APLN member Cheong Wook-Sik pointed out three critical changes in North Korea and underscored the need to fundamentally reconsider the current approaches to policy on the North. Read the original article here.
Many are calling for South Korea to completely overhaul its North Korea policy on the grounds that the North’s nuclear capabilities have reached the point of no return.
The primary goal of Seoul’s North Korea policy has been the denuclearization of the Korean Peninsula. But since that’s effectively no longer an option, those pundits say, South Korea needs to revise its North Korea policy.
There’s some merit to that argument.
At the same time, we need to pay attention to other critical changes in North Korea that may be less noticeable than its nuclear arsenal.
There are three such changes. First, North Korea appears to have basically abandoned efforts to improve relations with South Korea, the US and Japan. Second, North Korea’s economic difficulties are likely not as severe as people in other countries think. Third, the North Korean leadership has changed its mind about economic sanctions.
Since the early 1990s, Korean Peninsula issues had centered on a certain interplay between North Korea’s nuclear issue on the one hand and South Korea, the US, and Japan on the other. Pyongyang’s nuclear development was a factor motivating hard-line policies in Seoul, Washington and Tokyo, while also presenting those governments with the diplomatic challenge of having to pursue dialogue and negotiation.
North Korea, for its part, had set the aim of thawing its relationships with those three sides — the US in particular — through a mixture of brinksmanship at certain times and dialogue and negotiation at others.
But since late 2019, North Korea has been firmly closing the door to dialogue. A crucial factor in this is its conclusion that it could no longer expect anything to emerge from its summits with South Korea and the US, which had yielded only hollow results when they took place between 2018 and the first half of 2019.
Another factor that should be considered is the possibility that the North’s economic difficulties may not be that serious.
The notion of North Korea being “hard up” has been presented in various forms, including engagement policies calling for the use of assistance, economic cooperation, and relief from economic sanctions to motivate Pyongyang to change, as well as hardline policies calling for the continuation and intensification of sanctions to pressure the North to change or hasten its collapse.
But what if the North isn’t as poor as the outside world thinks?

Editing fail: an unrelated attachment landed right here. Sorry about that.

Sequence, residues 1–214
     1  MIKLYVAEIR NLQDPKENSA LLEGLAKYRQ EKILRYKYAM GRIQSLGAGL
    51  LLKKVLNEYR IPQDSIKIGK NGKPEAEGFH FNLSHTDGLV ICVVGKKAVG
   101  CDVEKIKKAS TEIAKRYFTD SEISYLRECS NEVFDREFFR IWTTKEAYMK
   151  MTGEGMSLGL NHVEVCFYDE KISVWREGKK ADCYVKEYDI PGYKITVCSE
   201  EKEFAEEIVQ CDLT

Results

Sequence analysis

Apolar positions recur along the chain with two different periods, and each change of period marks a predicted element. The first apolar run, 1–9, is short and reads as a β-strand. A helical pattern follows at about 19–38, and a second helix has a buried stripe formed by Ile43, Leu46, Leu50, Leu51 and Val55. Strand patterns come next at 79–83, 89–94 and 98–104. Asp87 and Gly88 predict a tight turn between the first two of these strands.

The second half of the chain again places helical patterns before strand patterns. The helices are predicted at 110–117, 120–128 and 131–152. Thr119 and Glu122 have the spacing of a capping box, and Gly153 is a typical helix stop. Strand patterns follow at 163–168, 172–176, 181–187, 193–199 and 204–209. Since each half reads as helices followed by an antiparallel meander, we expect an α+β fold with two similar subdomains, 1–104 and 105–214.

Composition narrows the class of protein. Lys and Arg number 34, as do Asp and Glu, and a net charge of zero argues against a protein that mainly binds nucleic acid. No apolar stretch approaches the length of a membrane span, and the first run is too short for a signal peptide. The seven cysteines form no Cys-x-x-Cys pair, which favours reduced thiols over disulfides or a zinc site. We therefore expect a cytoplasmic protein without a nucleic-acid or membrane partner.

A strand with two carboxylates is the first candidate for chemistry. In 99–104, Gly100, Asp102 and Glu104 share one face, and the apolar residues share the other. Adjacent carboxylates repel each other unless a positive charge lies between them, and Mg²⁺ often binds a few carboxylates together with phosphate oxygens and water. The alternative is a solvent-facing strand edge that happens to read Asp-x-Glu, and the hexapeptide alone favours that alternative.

In July 2021, Pyongyang submitted a voluntary national review to the UN, in which it reported an annual average economic growth rate of 5.1 percent over the five-year period from 2015 to 2019. That number was fully 9.5 percent higher than the Bank of Korea’s estimate over the same period.
Another important factor is the shift in North Korea’s attitude when it comes to economic sanctions: rather than attempting to pursue a situation without sanctions, it has switched focus to living with them.
In the past, North Korea made a fuss about the sanctions spearheaded by the US and called for them to be lifted. But after its experience with the hollow outcomes of its summits with the US, it has changed its stance, viewing sanctions instead as a good opportunity to achieve “self-directed regeneration” and “self-sufficiency.”
These three changes are as important as North Korea’s nuclear armament in underscoring the need to fundamentally reconsider the current approaches to policy on the North.
The normalization of Pyongyang’s relations with Seoul, Washington and Tokyo is a key corresponding measure in the denuclearization process. If the North has more or less given up on that diplomatic aim, that spells a serious risk of crucial leverage in North Korea policy disappearing.
It also means the approach of trying to get North Korea to change — either through assistance and cooperation or through longer, tougher sanctions — has passed its sell-by date.
How should policies be redesigned in the face of this new North Korea? It’s very important to know the enemy and know yourself.
In reality, North Korea policy may be the one area where “knowing the enemy” is the toughest nut to crack. What we urgently need now are efforts to see North Korea — not as each of us wants it to be, but as it is.
We also need to take a step back from perceiving things in terms of “sides” and make an impersonal assessment of the current North Korea policies of the South, the US, and Japan. We further need the wisdom to see not just the nuclear weapons and missiles that the North possesses, but also the state-of-the-art weaponry piling up in the South Korean, US, and Japanese arsenals.
Most importantly, we have to confront the fact that North Korea’s changes are a product of its interactions with the outside world.
Image: The Hwasong-17 ICBM was displayed during a military parade on April 25, 2022, in Kim Il-sung Square marking the anniversary of the founding of the KPRA. (Yonhap News)